More fundamental, however, is the question whether the court or the arbitrator should decide the issue of waiver. This is a question we have not previously addressed.*fn4 In Howsam v. Dean Witter Reynolds, Inc., 537 U.S. 79, 84 (2002), the Court held that whereas "a gateway dispute about whether the parties are bound by a given arbitration clause raises a question of arbitrability for a court to decide," the question of the applicability of a particular rule of the specific arbitration system agreed upon by the parties (in that case the NASD Uniform Submission Agreement) was for the arbitrator, who was well-qualified to address the issue. The allocation of decision-making between court and arbitrator is based on the fact that "the arbitrator's authority derives from the consent of the parties." Grad v. Wetherholt Galleries, 660 A.2d 903, 908 (D.C. 1995) (citing D.C. Code § 16-4301); First Options of Chicago, Inc. v. Kaplan, 514 U.S. 938, 942-43 (1995). Thus, where a party challenges the arbitrability of a dispute, it is the very authority of the arbitrator to decide that is at issue, and the presumption is that the court must first settle the basic contractual question, unless the parties "clearly and unmistakably provide otherwise." See id. (quoting AT&T Technologies, Inc. v. Communications Workers of Am., 475 U.S. 643, 649 (1986)). But once that basic question has been resolved in favor of arbitration, the strong policy embraced in the statute in favor of enforcement of arbitration agreements, see D.C. Code § 16-4301, reverses the presumption so that it is for the arbitrator to resolve other "gateway" matters that the parties "would likely expect" that the arbitrator would decide. Howsam, 537 U.S. at 84. This includes "procedural questions which grow out of the dispute and bear on its final disposition," id. (quoting John Wiley & Sons, Inc. v. Livingston, 376 U.S. 543, 557 (1964)), and "allegations of waiver, delay, or a like defense to arbitrability." Id. (quoting Moses H. Cone Mem'l Hosp., 460 U.S. at 25). Even though the question of waiver in this case will turn on the degree and nature of appellants' participation in the court proceeding and -- to that extent -- considerations of efficiency might favor resolution by the trial court, we think that the parties' broad agreement to arbitrate "any dispute arising under or related to" the Reed Smith partnership agreement dictates that this question incidental to their dispute about ownership of the Woodland shares under that agreement be submitted to the arbitrator. See Green Tree Fin. Corp. v. Bazzle, 539 U.S. 444, 453 (2003) (holding that question was for arbitrator in light of, inter alia, the arbitration contract's "sweeping language concerning the scope of the questions committed to arbitration"). Moreover, in this case, it is significant that the arbitration agreement provides that the arbitration is to be conducted pursuant to the rules of the American Arbitration Association.*fn5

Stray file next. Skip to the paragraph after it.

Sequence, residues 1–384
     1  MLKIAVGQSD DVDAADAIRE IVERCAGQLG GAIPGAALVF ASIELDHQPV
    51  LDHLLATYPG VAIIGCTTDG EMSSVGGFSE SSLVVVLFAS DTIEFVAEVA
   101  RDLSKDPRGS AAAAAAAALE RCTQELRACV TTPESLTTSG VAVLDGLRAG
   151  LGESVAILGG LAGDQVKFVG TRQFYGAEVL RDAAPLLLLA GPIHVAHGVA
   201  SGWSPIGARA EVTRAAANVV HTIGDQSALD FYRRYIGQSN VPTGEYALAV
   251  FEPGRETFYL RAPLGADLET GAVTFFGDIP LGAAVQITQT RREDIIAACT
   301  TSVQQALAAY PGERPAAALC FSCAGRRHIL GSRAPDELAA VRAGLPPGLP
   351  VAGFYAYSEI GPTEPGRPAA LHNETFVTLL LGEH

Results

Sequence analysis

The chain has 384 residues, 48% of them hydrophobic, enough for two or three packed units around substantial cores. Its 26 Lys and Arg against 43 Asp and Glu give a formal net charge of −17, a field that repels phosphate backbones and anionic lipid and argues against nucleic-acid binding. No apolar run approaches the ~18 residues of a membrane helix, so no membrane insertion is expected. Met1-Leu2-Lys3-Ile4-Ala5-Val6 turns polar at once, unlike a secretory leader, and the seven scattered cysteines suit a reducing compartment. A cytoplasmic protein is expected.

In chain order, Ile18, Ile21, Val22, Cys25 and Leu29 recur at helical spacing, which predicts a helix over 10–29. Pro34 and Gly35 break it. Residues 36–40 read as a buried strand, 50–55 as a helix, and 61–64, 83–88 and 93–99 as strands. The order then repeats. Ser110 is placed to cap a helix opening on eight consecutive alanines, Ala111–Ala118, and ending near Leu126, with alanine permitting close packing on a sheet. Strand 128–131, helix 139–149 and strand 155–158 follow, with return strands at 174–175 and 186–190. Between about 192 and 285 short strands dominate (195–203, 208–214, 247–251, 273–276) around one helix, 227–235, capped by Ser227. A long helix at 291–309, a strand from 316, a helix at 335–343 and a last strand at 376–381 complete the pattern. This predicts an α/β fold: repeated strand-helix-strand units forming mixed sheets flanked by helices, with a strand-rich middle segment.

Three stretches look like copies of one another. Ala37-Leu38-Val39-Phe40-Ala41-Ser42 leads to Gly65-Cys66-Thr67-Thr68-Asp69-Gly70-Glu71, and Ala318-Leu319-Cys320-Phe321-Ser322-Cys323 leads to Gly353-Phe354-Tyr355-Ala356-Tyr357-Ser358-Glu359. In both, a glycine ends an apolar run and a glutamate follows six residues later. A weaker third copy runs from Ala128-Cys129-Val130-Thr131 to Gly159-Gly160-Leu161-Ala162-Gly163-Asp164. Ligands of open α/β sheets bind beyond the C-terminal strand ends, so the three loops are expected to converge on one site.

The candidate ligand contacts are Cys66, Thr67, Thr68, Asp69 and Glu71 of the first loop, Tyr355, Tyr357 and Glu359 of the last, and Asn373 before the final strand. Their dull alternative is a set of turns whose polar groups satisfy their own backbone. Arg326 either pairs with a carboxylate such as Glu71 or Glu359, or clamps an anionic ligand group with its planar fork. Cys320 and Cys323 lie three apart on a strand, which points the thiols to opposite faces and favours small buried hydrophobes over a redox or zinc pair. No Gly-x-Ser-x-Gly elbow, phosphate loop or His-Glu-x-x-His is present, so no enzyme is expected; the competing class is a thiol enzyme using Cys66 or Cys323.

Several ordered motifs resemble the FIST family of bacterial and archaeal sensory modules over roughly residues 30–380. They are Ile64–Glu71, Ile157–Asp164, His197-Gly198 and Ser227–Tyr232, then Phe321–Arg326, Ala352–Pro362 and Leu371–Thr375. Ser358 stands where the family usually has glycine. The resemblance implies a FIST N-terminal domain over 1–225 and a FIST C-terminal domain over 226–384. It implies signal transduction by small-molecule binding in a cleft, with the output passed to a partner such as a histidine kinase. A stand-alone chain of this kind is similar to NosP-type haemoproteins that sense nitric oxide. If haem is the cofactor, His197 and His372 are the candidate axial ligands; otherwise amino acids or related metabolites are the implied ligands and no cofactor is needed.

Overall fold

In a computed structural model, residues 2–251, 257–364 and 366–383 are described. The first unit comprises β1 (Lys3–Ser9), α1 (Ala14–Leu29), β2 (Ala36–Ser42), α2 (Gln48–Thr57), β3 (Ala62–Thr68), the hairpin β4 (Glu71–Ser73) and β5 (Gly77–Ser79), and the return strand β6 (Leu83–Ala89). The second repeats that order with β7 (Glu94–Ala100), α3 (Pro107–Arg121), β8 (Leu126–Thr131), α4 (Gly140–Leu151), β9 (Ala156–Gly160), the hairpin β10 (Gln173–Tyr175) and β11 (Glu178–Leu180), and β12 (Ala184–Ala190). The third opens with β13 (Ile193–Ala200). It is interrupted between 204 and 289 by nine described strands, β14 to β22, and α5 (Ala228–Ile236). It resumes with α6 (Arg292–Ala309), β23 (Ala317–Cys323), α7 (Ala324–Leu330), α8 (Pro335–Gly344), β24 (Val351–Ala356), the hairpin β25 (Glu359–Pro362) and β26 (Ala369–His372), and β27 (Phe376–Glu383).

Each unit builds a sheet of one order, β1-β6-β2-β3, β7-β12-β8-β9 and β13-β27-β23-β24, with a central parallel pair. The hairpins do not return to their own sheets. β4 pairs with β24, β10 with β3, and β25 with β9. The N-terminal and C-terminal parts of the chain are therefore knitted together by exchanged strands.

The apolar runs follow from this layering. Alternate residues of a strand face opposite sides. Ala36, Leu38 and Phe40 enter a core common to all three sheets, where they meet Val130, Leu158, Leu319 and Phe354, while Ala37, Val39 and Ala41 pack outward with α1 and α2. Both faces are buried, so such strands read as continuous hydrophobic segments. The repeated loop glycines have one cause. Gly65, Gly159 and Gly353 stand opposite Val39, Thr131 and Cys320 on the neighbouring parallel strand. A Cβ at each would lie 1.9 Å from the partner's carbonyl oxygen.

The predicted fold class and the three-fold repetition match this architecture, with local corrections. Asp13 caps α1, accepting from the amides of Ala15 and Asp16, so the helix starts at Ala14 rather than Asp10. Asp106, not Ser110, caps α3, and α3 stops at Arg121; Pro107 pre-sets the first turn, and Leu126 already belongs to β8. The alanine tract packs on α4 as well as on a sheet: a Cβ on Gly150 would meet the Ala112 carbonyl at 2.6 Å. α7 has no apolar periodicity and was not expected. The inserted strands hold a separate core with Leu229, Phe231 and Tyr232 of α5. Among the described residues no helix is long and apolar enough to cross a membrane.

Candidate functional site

See id. at 452 (noting that dispute about "what kind of arbitration proceeding the parties agreed to" was for arbitrator). Specifically on the question of waiver, appellants assert that Wulff did not comply with the timing requirement of Rule 7 (c) of the AAA's Commercial Rules in objecting to arbitration and that Rule 48 provides that "[n]o judicial proceeding by a party relating to the subject matter of the arbitration shall be deemed a waiver of that party's right to arbitrate." Thus, as in Howsam, the AAA arbitrator in this case should be well-placed to decide the question of waiver. 537 U.S. at 84.*fn6
Therefore, having established that the dispute between the parties is subject to arbitration, we reverse and remand to the trial court with the instruction that it refer the matter to the arbitrator for resolution of Wulff's argument that appellants have waived their right to arbitration. In light of the deficiencies in the record we have noted concerning the proceedings in the trial court, see supra, note 3, the trial judge should make any necessary findings concerning the conduct of the litigation in court before referring the matter to the arbitrator for resolution of Wulff's procedural argument that appellants have waived their right to arbitration.